High Court hearing held via video

By Kristin Edge


Court hearings in Northland are going high-tech with the use of video technology.

A recent hearing in the High Court at Whangarei was dealt with via an audio-visual link (AVL) between a judge sitting in Auckland and, on the other end of the link, lawyers and a prisoner appearing hundreds of kilometres away in Whangarei.

The judge appeared on a television screen and was able to see and hear the lawyers involved in the case.

It was the first time the technology had been used in Northland but officials say it will soon make a regular appearance, saving not only money but time.

Ministry of Justice General Manager Higher Courts Paula Tesoriero said there was no resident judge at the High Court in Whangarei and many hours were spent travelling for hearings that could only last for 15 minutes.

"We are in the process of rolling out this technology to the combined District and High Courts around the country so that judges based in the three main High Court registries can participate in hearings without having to travel to the court where the judge considers that appropriate," Ms Tesoriero said.

"The use of video link technology like this is part of a range of efforts to modernise and improve court processes."

Also on the cards is using the audio visual links between court and prisons so defendants on remand can appear in court before a judge without having to leave prison.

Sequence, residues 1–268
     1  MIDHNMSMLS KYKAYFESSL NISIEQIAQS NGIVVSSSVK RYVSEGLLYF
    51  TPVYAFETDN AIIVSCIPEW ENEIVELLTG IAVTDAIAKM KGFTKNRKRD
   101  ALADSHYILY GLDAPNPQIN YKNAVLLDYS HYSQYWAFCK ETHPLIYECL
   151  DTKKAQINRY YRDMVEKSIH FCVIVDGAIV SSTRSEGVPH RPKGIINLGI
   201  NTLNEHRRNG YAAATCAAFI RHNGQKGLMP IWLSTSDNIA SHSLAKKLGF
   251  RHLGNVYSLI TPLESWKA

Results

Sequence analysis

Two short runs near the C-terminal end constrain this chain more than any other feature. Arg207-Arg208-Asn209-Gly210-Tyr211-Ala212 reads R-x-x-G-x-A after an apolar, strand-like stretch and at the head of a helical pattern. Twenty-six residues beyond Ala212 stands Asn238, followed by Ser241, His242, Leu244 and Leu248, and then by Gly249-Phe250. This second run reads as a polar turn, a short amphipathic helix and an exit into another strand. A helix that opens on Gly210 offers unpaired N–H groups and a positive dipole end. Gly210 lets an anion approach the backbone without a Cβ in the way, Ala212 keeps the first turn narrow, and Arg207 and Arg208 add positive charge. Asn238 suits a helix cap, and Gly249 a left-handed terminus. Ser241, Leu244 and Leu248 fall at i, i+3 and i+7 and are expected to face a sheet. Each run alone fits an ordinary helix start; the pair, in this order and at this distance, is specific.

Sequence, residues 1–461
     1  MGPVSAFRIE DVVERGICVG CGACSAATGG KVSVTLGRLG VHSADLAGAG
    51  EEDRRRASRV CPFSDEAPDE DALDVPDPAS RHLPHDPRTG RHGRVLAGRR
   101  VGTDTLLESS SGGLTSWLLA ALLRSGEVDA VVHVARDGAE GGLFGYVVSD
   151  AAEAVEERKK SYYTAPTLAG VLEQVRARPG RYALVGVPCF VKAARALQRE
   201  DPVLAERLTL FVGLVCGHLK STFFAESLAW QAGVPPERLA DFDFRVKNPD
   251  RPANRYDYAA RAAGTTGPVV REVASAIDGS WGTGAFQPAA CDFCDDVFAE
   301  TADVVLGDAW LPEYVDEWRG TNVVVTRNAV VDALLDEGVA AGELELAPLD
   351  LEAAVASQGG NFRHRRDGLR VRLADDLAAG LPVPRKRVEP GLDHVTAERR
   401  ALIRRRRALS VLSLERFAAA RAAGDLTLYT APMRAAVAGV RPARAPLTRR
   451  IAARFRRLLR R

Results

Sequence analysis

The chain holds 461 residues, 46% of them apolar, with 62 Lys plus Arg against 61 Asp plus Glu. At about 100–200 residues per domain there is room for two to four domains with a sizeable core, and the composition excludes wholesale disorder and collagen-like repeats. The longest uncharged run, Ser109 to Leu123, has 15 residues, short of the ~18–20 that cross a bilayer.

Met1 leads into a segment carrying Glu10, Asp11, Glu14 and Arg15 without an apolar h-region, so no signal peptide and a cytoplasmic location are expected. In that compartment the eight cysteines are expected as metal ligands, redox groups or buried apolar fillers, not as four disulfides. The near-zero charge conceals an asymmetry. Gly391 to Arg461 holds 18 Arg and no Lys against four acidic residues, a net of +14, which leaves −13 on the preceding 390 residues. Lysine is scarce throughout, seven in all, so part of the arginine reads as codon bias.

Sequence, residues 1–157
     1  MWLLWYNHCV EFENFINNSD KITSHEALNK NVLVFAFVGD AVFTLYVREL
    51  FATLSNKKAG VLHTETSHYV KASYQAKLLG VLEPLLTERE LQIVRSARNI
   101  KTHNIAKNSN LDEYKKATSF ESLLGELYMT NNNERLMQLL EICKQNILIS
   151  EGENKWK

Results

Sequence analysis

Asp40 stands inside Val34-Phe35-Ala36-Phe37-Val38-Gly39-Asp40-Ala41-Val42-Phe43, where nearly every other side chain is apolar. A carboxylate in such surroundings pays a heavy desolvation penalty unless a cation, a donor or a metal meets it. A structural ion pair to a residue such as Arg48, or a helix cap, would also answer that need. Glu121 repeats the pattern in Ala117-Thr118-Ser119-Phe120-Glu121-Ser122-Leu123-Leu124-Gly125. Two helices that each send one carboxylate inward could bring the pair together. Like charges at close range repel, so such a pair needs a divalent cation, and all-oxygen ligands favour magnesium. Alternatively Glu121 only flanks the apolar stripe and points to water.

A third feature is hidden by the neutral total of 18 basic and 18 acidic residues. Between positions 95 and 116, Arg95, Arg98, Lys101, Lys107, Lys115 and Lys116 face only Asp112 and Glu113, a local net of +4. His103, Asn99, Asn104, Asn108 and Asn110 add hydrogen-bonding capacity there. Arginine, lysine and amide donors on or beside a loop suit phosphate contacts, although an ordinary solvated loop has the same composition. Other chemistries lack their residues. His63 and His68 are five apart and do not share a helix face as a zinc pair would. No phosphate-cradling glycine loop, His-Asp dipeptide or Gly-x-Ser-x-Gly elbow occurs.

It has been successfully trialled in Auckland and is set to be used in Ngawha Prison in May next year.

Corrections Minister Anne Tolley and Courts Minister Chester Borrows announced earlier this year $27.8 million would be spent on the expansion of audio-visual links to 14 District Courts and nine prisons.

It would enable courts to connect to prisons anywhere in the country.

Approximately 40,000 remand court appearances are made each year and, where installed, AVL is expected to be used in a significant number of these.

"There are enormous benefits to be gained by using AVL to allow prisoners to appear before a judge without leaving the secure confine of prison grounds, and it has already saved over 8000 external prisoner trips to and from courts," Mrs Tolley said.

"The risks associated with transporting prisoners outside the wire - to the public, Corrections and court staff - are completely removed, along with any risk of escape." It also meant Corrections and Police did not have to spend valuable time planning, carrying out, or funding escort duties from prison to court and back again.

Judges will continue to have discretion to require prisoners to appear in court.

- NORTHERN ADVOCATE

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